Debt and doubt loom large over Durban climate talks
DURBAN, South Africa (Reuters) - Economic crisis and the top three polluters China, the United States and India, loomed as obstacles to a new global deal at the start of a second make-or-break week of U.N. climate talks in the South African city of Durban.
After a first week of preliminary discussion, serious doubt hangs over the future of the Kyoto Protocol, whose first commitment period on tackling climate change expires at the end of next year.
The other major issue for debate is how to drum up finance to help poorer nations adapt to a warmer planet, while the developed world wrestles with sovereign debt problems.
China, the world's biggest carbon emitter, gave a lift to the climate talks at the end of last week by suggesting it might sign up to a legally-binding deal to cut emissions, but it has set conditions.
"China has talked about a legally binding deal after 2020. The question is if China will be legally-bound. That would be interesting," EU Climate Commissioner Connie Hedegaard said.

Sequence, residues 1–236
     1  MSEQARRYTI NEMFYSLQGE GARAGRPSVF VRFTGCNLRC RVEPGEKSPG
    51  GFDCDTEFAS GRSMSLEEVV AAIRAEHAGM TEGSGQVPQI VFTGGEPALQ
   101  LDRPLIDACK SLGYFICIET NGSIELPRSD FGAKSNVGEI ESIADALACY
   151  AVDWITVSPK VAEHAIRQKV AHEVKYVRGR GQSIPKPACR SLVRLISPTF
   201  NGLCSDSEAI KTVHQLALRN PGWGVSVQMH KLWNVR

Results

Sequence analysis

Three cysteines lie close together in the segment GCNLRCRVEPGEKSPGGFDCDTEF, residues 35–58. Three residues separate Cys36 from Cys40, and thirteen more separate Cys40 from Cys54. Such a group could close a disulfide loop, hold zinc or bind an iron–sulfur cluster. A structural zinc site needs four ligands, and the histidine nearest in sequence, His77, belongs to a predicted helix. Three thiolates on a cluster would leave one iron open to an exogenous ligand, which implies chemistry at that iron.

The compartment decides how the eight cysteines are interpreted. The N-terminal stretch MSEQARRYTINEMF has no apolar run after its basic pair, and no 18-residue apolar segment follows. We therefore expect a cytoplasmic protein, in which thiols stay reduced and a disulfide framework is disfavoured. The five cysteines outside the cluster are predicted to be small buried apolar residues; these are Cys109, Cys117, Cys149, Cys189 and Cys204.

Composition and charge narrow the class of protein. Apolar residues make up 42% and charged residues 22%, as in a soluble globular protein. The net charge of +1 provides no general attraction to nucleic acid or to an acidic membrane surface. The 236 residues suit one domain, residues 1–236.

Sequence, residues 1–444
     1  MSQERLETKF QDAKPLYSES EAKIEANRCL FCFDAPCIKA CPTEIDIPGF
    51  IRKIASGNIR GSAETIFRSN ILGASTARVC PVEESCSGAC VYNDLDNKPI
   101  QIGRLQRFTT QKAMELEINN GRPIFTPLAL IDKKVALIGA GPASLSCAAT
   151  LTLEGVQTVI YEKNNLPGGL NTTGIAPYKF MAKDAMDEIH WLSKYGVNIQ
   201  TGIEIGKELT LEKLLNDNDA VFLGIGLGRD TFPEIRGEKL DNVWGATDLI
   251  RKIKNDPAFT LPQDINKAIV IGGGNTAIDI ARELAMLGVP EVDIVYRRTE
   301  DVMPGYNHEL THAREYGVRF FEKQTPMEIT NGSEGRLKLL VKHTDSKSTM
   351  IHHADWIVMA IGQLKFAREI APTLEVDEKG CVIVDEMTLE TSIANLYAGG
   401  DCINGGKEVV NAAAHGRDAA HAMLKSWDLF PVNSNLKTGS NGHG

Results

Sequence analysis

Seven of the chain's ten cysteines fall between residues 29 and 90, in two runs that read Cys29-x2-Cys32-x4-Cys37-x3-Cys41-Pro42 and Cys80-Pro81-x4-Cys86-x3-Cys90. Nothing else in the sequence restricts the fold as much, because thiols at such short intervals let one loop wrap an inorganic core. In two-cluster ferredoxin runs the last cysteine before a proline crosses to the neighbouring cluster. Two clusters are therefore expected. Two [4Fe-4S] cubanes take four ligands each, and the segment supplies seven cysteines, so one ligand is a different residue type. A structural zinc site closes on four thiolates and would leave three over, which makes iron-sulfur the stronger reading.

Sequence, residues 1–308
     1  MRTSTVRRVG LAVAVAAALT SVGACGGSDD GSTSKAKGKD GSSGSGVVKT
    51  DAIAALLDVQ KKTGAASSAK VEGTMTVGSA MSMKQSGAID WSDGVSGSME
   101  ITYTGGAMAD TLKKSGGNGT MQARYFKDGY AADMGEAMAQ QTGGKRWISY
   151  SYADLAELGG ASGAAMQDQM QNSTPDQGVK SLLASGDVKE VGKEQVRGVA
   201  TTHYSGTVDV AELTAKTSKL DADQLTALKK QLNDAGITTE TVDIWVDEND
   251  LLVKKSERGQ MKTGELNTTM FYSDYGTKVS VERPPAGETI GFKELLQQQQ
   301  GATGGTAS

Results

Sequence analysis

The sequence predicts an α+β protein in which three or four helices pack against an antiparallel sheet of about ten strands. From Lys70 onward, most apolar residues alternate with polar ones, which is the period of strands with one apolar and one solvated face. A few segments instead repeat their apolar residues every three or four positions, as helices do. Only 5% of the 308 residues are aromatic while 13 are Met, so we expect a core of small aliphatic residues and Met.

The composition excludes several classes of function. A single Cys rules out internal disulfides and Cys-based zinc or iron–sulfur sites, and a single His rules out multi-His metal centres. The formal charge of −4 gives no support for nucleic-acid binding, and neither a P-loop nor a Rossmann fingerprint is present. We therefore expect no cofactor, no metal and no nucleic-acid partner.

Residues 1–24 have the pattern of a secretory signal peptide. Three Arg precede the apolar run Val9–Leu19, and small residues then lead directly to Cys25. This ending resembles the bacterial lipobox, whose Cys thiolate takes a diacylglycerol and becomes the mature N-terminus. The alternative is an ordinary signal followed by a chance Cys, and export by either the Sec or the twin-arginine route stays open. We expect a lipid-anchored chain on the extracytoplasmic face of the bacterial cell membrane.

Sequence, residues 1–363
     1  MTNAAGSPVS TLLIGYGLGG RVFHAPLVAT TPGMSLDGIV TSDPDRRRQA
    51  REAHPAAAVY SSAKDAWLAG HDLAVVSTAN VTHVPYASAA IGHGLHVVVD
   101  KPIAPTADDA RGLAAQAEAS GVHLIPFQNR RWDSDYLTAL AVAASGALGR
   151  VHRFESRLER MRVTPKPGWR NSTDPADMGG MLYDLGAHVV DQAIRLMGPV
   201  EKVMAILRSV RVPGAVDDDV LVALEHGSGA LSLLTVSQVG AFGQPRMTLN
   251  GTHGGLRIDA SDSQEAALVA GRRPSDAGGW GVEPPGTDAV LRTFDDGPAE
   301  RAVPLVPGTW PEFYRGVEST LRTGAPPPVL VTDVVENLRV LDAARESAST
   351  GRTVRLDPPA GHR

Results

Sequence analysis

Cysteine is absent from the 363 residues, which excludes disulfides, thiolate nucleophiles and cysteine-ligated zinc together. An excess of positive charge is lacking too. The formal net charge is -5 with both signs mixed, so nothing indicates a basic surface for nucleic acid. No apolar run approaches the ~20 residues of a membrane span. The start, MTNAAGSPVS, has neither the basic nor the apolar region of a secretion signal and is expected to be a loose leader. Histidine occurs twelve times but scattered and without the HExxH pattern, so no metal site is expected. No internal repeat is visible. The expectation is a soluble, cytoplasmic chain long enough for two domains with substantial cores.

China failed to answer that question at a news conference and a European diplomatic source said it was bluffing.
"There's no way China will sign up legally, but it doesn't want to be blamed if the talks fail," the source said, asking not to be named.
China's conditions include that other big emitters sign up and that finance is provided under a Green Climate Fund agreed at talks last year in Cancun, which aims to channel up to $100 billion a year by 2020 to help developing nations.
The U.S. special envoy for climate change Todd Stern said China's conditions were not acceptable.
"In order for there to be a legally-binding agreement that makes sense, all the major players are going to have to be in with obligations and commitments that have the same legal force," Stern said.
"That means no conditionality, no condition of receiving the financing, no trap doors, no Swiss cheese (with holes) kind of agreement.".....Read more...